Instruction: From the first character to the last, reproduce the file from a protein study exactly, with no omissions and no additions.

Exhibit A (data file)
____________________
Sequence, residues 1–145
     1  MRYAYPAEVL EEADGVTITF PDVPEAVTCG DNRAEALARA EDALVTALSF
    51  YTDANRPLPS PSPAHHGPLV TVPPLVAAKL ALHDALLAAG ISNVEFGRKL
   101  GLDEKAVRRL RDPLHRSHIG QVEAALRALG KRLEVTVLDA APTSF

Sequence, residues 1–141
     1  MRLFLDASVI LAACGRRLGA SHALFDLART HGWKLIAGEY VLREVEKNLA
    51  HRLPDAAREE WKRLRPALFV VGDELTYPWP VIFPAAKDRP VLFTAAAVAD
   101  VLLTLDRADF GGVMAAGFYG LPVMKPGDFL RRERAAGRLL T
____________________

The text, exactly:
Sequence, residues 1–145
     1  MRYAYPAEVL EEADGVTITF PDVPEAVTCG DNRAEALARA EDALVTALSF
    51  YTDANRPLPS PSPAHHGPLV TVPPLVAAKL ALHDALLAAG ISNVEFGRKL
   101  GLDEKAVRRL RDPLHRSHIG QVEAALRALG KRLEVTVLDA APTSF

Sequence, residues 1–141
     1  MRLFLDASVI LAACGRRLGA SHALFDLART HGWKLIAGEY VLREVEKNLA
    51  HRLPDAAREE WKRLRPALFV VGDELTYPWP VIFPAAKDRP VLFTAAAVAD
   101  VLLTLDRADF GGVMAAGFYG LPVMKPGDFL RRERAAGRLL T